knocked off the tables, cards strewn about, candles sent flying and
spluttering upon the ground.
And still that measured tramp down the street, growing louder, more
distinct, a muffled "Halt!" the sound of arms, of men moving about
beneath that yawning archway and along the dark and dismal passage with
its hermetically closed front door.
MY LORD PROTECTOR'S PATROL
Alone, Sir Marmaduke de Chavasse had taken no part in the confused
turmoil which raged around the personalities of Segrave and Richard
Lambert. From the moment that he had--with studied callousness--turned
his back on his erstwhile protege he had held aloof from the crowd which
had congregated around the two young men.
He saw before him the complete success of his nefarious plan, which had
originated in the active brain of Editha, but had been perfected in his
own--of heaping dire and lasting disgrace on the man who had become
troublesome and interfering of late, who was a serious danger to his
more important schemes.
After the fracas of this night Richard Lambert forsooth could never show
his face within two hundred miles of London, the ugly story of his
having cheated at cards and been publicly branded as a liar and a thief
by a party of gentlemen would of a surety penetrate even within the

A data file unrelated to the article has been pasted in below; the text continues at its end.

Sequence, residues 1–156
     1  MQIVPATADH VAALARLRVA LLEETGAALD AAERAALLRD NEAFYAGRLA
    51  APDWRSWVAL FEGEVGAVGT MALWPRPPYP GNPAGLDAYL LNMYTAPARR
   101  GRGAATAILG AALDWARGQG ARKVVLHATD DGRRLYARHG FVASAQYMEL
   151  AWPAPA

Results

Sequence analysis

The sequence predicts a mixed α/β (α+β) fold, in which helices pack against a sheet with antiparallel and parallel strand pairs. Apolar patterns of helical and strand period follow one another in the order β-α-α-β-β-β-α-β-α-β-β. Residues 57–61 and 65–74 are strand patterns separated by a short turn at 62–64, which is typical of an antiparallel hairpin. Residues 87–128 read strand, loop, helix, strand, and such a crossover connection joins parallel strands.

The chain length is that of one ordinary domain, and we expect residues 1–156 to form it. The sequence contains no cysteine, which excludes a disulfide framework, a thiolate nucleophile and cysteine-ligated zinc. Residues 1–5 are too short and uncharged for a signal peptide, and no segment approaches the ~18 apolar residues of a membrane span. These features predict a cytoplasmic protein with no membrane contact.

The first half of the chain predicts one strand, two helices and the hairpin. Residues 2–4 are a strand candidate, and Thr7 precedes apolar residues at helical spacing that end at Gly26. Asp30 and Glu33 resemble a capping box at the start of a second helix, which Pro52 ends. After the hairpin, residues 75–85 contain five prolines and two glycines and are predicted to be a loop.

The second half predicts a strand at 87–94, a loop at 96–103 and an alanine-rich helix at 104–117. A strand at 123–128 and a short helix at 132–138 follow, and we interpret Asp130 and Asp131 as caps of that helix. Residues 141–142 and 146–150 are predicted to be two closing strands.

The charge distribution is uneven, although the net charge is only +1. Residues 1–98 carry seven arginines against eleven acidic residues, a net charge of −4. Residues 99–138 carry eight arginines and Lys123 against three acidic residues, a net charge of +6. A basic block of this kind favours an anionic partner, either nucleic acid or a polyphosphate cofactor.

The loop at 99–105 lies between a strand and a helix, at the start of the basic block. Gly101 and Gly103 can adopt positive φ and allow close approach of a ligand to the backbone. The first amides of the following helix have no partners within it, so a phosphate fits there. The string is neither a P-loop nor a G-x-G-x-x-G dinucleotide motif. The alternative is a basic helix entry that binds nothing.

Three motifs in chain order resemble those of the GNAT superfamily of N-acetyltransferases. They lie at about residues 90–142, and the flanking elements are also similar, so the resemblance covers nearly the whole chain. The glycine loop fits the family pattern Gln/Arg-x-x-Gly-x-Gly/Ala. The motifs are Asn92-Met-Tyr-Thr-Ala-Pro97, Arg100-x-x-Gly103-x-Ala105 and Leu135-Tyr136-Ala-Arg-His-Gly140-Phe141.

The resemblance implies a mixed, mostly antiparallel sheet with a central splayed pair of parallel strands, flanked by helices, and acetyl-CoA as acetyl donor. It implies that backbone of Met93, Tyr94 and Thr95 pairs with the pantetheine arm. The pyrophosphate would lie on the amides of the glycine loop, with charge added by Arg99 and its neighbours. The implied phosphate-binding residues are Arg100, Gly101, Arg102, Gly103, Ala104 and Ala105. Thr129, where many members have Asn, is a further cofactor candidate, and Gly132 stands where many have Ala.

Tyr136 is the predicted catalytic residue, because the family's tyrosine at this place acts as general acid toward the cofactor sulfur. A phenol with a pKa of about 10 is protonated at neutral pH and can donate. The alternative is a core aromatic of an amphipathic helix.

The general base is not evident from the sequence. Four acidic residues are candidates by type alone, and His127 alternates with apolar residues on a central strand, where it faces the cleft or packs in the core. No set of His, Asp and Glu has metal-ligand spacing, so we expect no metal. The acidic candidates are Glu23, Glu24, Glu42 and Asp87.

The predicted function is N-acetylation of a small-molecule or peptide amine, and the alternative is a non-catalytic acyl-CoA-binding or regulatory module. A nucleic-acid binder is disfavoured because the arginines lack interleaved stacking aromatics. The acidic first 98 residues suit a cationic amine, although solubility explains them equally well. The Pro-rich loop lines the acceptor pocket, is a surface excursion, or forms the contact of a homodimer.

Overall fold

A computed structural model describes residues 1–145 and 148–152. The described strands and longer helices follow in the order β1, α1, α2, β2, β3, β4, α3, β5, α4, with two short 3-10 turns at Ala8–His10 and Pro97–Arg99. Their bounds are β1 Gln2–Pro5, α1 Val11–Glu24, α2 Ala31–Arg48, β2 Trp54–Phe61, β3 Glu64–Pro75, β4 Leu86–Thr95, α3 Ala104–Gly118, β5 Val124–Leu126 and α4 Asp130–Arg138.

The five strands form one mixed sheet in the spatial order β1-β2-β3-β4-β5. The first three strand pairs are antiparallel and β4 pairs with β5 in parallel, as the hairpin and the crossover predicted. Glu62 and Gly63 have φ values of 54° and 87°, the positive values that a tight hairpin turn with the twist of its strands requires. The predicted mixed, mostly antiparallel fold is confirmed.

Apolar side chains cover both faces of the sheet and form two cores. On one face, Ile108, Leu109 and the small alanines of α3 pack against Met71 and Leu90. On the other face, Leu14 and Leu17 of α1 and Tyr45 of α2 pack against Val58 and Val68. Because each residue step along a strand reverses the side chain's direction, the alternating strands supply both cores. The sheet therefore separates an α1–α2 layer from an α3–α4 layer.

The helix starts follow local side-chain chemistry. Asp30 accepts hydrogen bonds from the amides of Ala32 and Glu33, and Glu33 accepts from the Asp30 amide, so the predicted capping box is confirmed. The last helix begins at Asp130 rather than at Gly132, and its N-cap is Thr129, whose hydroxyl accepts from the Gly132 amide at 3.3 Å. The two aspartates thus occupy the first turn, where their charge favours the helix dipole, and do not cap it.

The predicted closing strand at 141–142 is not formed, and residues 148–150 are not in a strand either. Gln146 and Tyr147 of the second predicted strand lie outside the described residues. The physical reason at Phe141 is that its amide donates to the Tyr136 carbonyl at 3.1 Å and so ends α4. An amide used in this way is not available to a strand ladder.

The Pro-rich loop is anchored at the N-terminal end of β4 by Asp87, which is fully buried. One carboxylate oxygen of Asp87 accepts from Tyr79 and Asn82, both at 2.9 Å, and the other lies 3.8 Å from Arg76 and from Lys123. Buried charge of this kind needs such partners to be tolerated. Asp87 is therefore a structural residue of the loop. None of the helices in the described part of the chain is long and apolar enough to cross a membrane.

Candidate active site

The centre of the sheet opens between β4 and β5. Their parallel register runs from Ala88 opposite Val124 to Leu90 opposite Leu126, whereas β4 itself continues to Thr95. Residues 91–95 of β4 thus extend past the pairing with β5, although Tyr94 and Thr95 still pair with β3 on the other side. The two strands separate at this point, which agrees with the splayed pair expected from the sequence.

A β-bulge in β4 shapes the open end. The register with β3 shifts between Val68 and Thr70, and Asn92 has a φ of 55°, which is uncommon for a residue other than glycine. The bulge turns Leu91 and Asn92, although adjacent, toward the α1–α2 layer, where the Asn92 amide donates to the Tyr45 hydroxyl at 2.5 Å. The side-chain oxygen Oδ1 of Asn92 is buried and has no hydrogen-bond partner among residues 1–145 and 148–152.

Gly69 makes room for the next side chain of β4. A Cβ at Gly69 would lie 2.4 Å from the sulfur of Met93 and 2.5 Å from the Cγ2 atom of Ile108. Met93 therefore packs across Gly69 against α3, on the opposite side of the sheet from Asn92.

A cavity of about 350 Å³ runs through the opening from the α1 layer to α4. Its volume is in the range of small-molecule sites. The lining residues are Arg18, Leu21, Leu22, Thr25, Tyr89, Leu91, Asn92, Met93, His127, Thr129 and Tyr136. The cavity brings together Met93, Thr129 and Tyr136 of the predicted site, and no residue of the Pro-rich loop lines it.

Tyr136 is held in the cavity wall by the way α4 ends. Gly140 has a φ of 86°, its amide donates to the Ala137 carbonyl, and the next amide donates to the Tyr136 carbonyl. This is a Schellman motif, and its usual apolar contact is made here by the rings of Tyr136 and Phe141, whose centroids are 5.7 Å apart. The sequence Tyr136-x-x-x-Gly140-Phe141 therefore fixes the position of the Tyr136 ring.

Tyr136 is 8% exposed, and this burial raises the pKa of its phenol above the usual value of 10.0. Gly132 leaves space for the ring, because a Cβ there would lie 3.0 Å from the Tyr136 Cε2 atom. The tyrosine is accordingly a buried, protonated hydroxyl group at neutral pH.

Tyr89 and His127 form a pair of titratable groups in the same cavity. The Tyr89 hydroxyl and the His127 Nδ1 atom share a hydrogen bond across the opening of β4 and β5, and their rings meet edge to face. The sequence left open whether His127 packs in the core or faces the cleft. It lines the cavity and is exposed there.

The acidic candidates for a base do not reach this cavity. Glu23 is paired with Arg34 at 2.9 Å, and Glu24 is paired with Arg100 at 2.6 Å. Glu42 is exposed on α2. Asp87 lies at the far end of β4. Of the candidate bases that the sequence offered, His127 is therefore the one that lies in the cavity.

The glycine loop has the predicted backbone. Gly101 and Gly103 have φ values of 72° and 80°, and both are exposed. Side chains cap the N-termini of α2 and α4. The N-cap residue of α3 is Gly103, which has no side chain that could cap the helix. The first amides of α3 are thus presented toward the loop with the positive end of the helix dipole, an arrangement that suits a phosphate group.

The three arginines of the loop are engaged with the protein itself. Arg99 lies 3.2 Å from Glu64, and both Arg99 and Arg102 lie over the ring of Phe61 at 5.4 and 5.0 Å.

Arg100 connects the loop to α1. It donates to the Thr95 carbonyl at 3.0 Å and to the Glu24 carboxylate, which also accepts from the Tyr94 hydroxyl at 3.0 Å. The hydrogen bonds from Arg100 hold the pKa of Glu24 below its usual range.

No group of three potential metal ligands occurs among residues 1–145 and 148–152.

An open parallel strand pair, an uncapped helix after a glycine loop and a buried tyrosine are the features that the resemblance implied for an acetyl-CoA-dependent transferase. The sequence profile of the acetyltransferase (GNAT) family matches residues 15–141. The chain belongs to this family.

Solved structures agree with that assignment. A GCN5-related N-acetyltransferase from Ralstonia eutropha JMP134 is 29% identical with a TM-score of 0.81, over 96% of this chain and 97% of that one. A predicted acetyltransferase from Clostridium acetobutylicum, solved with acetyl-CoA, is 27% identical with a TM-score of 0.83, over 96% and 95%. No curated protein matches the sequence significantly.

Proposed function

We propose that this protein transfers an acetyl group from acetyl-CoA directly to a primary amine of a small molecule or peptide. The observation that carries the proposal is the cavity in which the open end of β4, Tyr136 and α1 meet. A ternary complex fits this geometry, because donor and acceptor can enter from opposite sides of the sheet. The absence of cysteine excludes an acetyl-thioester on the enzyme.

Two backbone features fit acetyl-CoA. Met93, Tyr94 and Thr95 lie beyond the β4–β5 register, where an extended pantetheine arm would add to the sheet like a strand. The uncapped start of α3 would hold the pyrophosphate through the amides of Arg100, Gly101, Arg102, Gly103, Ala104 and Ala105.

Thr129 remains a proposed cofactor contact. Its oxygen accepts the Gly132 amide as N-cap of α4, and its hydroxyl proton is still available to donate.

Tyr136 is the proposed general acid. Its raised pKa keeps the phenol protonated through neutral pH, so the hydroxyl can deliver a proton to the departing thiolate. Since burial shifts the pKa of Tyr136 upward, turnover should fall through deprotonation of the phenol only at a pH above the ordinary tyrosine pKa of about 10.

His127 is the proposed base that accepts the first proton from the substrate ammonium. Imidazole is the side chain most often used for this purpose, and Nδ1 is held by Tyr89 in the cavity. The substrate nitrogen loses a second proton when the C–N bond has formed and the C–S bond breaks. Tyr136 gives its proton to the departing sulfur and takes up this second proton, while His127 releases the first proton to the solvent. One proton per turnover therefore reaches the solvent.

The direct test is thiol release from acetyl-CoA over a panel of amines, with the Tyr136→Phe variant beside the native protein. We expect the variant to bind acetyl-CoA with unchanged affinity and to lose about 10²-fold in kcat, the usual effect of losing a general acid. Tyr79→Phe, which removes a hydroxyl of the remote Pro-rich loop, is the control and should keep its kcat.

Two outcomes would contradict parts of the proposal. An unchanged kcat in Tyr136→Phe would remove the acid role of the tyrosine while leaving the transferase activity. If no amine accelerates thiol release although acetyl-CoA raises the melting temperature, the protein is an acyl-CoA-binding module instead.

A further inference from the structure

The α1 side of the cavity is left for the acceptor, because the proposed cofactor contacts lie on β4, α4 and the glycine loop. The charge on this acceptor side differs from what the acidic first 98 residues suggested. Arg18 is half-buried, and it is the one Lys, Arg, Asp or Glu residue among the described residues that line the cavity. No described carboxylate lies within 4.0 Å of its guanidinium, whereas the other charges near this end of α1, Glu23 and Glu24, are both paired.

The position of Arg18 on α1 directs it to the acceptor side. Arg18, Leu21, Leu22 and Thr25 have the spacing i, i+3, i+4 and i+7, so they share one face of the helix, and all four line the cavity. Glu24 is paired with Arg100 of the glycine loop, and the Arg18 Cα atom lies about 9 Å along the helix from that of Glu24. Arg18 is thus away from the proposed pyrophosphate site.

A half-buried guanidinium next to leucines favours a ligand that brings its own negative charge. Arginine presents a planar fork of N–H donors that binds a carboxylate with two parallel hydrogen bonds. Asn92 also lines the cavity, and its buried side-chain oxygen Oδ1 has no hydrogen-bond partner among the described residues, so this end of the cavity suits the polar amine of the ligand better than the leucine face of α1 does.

fastnesses of Thanet.
So far everything was for the best, nay, it might be better still, for
Segrave enraged and maddened at his losses, might succeed in getting
Lambert imprisoned for stealing, and cheating, even at the cost of his
own condemnation to a fine for gambling.
The Endicotts had done their part well. The man especially, with his
wide cuffs and his quick movements. No one there present could have the
slightest doubt but that Lambert was guilty. Satisfied, therefore, that
all had gone according to his own wishes, Sir Marmaduke withdrew from
further conflict or argument with the unfortunate young man, whom he had
so deliberately and so hopelessly ruined.
And because he thus kept aloof, his ears were not so completely filled
with the din, nor his mind so wholly engrossed by the hand-to-hand
struggle between the two young men, that he did not perceive that other
sound, which, in spite of barred windows and drawn curtains, came up
from the street below.
At first he had only listened carelessly to the measured tramp. But the
cry of "Halt!" issuing from immediately beneath the windows caused his
cheeks to blanch and his muscles to stiffen with a sudden sense of fear.
He cast a rapid glance all around. Segrave and Lambert--both flushed and
panting--were forcibly held apart. Sir Marmaduke noted with a grim smile
that the latter was obviously the center of a hostile group, whilst
Segrave was surrounded by a knot of sympathizers who were striving
outwardly to pacify him, whilst in reality urging him on through their
unbridled vituperations directed against the other man.
The noise of arguments, of shrill voices, of admonitions and violent
abuse had in no sense abated.
Over the sea of excited faces Sir Marmaduke caught the wide-open,